A few weeks ago, I brought a meal to a friend whose son had gone through surgery about a week earlier. As we had a quick visit in her kitchen, she asked if I had brought a meal to our mutual friend who is battling cancer, and I told her I hadn’t been able to yet. I had been reaching out to her to try to find time to connect and planned to bring a meal, but I couldn’t get anything on the calendar, so the meal hadn’t been shared yet.
My friend told me that when they had been in the hospital with their son in the NICU, the only way she could accept offers for a meal was if people dropped it off on the doorstep and left it in containers that didn’t need to be returned.
I asked for clarification. “So, they basically ding-dong-ditched you and left a meal behind?”
“Exactly, and it was amazing,” she answered.
“Aha! I will offer to do the same for our friend,” I replied.
The next week, I was making a huge batch of potato soup and I texted the other friend. “Can I ding-dong-ditch you and leave a meal on your doorstep tonight or tomorrow?”
She answered quickly, “Your soup sounds wonderful. Either night works. Just let me know when you’re swinging by. Thanks so much.”
The thrill and excitement welled up in me as I poured their portion into a beautiful Pyrex dish (I couldn’t find disposable Tupperware big enough, and I thought she would appreciate the big sunflower on the lid). I wrote a small note of love, prayers, and encouragement. When I rang her doorbell and jogged back to my car, it felt amazing! She poked her head out to wave me off as I drove away, and I waved back with a huge smile on my face.
This exchange in the Bible has taken on such a different application for me now.
Mark 12:28-31: One of the teachers of religious law was standing there listening to the debate. He realized that Jesus had answered well, so he asked, “Of all the commandments, which is the most important?” Jesus replied, “The most important commandment is this: ‘Listen, O Israel! The Lord our God is the one and only Lord. And you must love the Lord your God with all your heart, all your soul, all your mind, and all your strength.’ The second is equally important: ‘Love your neighbor as yourself.’ No other commandment is greater than these.”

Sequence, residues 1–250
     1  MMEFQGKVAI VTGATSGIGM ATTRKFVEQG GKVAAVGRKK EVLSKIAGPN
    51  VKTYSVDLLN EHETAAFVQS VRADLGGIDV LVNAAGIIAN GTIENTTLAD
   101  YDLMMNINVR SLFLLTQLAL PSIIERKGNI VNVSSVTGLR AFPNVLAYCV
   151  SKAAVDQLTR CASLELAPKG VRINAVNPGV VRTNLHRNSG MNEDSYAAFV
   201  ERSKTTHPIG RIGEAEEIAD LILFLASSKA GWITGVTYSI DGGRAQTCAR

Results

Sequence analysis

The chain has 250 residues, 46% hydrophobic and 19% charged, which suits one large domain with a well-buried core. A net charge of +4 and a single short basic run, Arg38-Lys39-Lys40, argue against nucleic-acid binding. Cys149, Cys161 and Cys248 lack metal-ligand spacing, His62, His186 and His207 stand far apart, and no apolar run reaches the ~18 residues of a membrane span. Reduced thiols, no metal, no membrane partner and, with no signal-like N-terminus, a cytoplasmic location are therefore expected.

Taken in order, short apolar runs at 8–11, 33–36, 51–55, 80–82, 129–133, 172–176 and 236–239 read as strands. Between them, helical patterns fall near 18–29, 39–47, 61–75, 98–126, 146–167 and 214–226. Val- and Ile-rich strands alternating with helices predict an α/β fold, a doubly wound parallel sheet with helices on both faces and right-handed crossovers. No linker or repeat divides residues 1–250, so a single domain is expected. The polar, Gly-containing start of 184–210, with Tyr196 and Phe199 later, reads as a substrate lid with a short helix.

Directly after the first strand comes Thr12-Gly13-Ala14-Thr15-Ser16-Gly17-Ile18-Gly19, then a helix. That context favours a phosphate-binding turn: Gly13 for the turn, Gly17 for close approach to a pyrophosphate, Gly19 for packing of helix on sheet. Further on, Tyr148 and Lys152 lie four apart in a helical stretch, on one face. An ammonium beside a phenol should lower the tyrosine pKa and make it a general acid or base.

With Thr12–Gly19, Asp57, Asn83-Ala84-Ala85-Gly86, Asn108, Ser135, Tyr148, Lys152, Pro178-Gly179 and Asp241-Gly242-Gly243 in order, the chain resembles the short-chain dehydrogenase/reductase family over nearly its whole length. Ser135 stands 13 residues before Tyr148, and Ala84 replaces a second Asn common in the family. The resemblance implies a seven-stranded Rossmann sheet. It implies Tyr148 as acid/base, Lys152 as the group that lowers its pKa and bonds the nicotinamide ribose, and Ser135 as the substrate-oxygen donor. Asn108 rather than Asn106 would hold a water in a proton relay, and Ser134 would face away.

Ding-dong-ditch dinners are such a practical way to live out loving our neighbors (and friends) as ourselves, and it’s really fun! I recently stopped by to pick up my Pyrex, and this time my friend was up for a few minutes of a visit. She looked beautiful and glowed with hope. I warmly said, “The next time I make a big batch of something, I’ll be ding-dong-ditching you again.” She smiled back and answered, “That sounds great, looking forward to it!”
Who might be in need of something like this in your life? Make a double batch of your family favorite and share half with someone who could use a little lighter load in the next week or two. You’ll be amazed at the joy in being the giver and to know God’s using you in such a practical way, especially in situations where the right words are hard to find. Go ding-dong-ditch someone and leave a meal or some other token of support behind!